Trademark Application Process: Everything You Need to Know
The trademark application process is needed when you are using a logo or other identifying mark to represent your company, product or service.3 min read
What Is the Trademark Application Process Like?
The trademark application process is needed when you are using a logo or other identifying mark to represent your company, product or service. If it is original, United States Patent and Trademark Office (USPTO) will consider various conventional markings, such as a phrase, design, or mixture of marks, along with nontraditional and non-visual marks, such as shading, form/configuration, scents, tastes, sounds, contact and movement markings, and also a collection of marks and certification marks for a trademark.
- Scent or Taste Mark: The applicant should submit substantial proof of acquired distinctiveness, an in-depth written description of the scent or taste, and a specimen that incorporates the scent or taste that matches the required description of the scent or taste.
- Contact Mark:The mark should be represented graphically.
- Movement Mark: If the mark consists of movement (i.e., a repetitive movement of quick period) as a function, the applicant might submit a drawing that depicts both a single level within the motion or as many as five freeze frames exhibiting numerous factors within the motion, whichever setup conveys the industrial impression of the mark.
- When submitting for a Movement Mark, the applicant should additionally present an in-depth description of the movement.
- Collective Membership Mark: The mark should be utilized by the members of a cooperative, an affiliation, or another collective group or group.
- Certification Mark: Any phrase, title, image, and/or machine utilized by an individual apart from its proprietor to certify regional or different origin, materials, mode of manufacture, high quality, accuracy, or different traits of such individual’s items or companies or that the work or labor on the products or companies was carried out by members of a union or different group.
What Happens After the Application Is Filed?
The USPTO will provide an official submission receipt by email if the application is filed electronically or by mail when filed on paper. A serial number will likely be assigned, and the main points of the application will appear on the USPTO’s web site within 14 days of submission. Progress can be tracked at http://tsdr.uspto.gov/. Usually, an application is examined in three to four months. If the USPTO examiner disagrees with registering the mark based on a comparable chance of it being confused with other marks already in the USPTO register, or if they determine that the mark is only descriptive of the claimed product, service or company, or they bring up other issues that need to be addressed before the application can go further, they will do this by issuing a Workplace Motion. This Workplace Motion will specify the specific objections raised by the USPTO examiner. The applicant should reply to the Workplace Motion within six months of its mailing date, otherwise the application will be considered discarded.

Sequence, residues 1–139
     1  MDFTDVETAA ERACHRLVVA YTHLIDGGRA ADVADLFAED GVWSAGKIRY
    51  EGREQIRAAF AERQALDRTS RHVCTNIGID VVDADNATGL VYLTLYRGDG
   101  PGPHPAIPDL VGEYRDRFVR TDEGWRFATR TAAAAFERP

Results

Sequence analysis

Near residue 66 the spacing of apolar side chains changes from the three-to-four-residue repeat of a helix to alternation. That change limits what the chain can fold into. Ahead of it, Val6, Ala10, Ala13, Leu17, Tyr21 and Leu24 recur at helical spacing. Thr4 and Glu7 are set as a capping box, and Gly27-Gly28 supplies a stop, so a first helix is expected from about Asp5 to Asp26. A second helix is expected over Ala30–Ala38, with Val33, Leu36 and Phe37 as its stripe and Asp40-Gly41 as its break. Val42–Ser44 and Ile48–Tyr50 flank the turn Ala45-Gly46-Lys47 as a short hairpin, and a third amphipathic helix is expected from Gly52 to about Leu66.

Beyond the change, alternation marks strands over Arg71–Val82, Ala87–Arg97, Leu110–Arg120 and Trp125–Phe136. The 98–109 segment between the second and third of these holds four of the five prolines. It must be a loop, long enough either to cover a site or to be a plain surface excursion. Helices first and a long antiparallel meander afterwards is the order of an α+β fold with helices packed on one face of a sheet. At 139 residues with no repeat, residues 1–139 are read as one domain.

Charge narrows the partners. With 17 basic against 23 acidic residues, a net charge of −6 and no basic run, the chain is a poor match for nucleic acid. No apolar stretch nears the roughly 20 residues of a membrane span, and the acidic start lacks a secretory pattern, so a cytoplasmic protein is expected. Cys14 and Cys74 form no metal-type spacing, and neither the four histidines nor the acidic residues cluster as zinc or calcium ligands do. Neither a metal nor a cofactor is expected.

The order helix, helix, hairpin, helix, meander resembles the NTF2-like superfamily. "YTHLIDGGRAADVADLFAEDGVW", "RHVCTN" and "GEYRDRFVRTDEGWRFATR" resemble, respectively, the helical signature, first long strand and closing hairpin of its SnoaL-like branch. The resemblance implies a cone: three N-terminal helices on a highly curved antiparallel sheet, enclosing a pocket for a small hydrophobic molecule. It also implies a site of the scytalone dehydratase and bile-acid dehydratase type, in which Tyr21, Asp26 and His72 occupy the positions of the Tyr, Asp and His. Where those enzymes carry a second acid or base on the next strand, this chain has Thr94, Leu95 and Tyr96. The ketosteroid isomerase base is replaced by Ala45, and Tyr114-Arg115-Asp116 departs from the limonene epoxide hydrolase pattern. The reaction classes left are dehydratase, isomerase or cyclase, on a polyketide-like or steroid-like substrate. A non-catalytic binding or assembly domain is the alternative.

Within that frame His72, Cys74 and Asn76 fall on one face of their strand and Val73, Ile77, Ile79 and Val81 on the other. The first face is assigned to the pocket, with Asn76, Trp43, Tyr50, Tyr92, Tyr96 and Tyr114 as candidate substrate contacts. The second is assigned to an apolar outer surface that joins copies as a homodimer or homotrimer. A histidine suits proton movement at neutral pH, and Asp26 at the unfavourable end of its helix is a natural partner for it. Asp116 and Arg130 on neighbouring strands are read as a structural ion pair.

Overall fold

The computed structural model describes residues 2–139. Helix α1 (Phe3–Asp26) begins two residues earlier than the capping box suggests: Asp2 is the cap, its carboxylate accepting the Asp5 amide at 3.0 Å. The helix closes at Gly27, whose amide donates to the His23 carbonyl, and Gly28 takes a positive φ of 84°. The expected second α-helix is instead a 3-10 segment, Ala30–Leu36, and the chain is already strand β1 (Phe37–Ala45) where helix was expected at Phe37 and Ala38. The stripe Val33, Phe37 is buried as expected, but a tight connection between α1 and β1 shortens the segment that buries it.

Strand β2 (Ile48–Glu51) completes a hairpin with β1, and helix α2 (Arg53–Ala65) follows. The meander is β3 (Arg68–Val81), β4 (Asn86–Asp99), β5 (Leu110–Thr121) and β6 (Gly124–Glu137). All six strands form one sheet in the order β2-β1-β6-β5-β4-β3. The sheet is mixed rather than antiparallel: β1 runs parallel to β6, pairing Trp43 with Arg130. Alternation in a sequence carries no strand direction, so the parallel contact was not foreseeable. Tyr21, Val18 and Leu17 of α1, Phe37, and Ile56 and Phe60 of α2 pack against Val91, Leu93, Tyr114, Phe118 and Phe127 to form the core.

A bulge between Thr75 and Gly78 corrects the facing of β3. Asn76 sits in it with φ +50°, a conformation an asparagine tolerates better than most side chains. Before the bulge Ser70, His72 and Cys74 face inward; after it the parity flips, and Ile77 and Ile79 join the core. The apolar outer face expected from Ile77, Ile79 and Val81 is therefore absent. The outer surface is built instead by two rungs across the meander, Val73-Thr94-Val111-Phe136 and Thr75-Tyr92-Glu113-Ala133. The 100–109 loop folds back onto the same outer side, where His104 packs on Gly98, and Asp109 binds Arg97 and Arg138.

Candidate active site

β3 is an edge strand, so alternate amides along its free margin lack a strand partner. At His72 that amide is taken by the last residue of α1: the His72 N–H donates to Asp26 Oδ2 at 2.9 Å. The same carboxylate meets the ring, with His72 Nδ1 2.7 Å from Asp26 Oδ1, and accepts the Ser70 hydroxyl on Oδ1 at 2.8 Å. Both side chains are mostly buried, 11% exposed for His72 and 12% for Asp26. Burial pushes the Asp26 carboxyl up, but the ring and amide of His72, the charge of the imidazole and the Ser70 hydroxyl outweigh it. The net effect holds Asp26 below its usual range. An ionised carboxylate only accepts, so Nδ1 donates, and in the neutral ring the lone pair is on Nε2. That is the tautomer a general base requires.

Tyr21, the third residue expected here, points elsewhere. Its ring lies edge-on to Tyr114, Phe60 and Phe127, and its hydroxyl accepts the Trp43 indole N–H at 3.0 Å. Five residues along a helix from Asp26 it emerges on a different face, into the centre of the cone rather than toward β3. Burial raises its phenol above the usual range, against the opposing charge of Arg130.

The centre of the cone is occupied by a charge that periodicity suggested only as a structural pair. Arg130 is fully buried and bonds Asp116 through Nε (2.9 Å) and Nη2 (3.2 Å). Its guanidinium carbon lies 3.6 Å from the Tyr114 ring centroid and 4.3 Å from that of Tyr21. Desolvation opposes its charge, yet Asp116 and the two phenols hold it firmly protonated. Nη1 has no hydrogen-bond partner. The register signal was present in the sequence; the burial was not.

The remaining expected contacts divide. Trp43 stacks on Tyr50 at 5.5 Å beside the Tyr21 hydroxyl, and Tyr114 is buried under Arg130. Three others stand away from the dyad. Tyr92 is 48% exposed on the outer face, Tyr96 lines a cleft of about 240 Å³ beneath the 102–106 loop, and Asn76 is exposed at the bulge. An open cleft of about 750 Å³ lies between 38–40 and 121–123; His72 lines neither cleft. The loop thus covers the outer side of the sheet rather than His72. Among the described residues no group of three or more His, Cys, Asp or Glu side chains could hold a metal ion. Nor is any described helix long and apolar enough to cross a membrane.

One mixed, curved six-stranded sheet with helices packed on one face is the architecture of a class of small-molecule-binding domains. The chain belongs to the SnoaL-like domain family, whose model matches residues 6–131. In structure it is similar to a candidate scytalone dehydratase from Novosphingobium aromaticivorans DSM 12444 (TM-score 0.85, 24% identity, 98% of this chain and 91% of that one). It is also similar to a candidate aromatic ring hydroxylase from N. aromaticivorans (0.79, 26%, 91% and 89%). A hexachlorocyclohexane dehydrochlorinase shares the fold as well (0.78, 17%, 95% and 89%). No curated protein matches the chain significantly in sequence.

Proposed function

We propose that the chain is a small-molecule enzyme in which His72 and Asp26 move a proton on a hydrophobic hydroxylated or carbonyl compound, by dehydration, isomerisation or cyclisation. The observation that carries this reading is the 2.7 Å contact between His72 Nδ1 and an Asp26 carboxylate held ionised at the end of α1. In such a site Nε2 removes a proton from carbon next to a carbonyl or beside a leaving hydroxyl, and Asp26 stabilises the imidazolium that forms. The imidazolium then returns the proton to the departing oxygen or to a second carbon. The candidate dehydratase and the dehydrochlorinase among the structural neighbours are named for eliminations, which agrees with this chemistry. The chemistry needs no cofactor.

What Is Involved in Preparation of the Trademark Application?
A trademark is not going to be formally registered until the mark is definitely in industrial use, and the interval for this to happen is restricted. Thus, one cannot "reserve" a trademark for an indefinite time period. The applicant should signal a declaration that, to the best of their knowledge, there is no other no entity making use of the proposed mark or anything closely resembling it such that the proposed use would result in confusion in that industry or consumer space.
Typical USPTO fees for submitting a trademark registration utility and its supporting documentation are $200 to $1,000, depending upon the complexity of the proposed mark.
What Is a Trademark?
A trademark is any title, phrase, emblem, design, or image that is used to identify a company or product, and which distinguishes a company, service, or product from other companies, services, or products. A trademark provides a buyer with recognition of a particular product, service, or company. For example, the Nike logo helps consumers in identifying the company and their products and services from competitors. Trademarks are different from patents, which shield innovations and the concepts that produce a product. In other words, a trademark helps a company to distinguish itself from other competitors in a specific industry.
Are you already using a logo or image for your company and want to trademark it? Get help with a trademark application by posting your legal need at the UpCounsel marketplace. UpCounsel accepts only the top 5 percent of lawyers to its site. Lawyers on UpCounsel come from law schools such as Harvard Law and Yale Law and average 14 years of legal experience, including work with or on behalf of companies like Google, Stripe, and Twilio.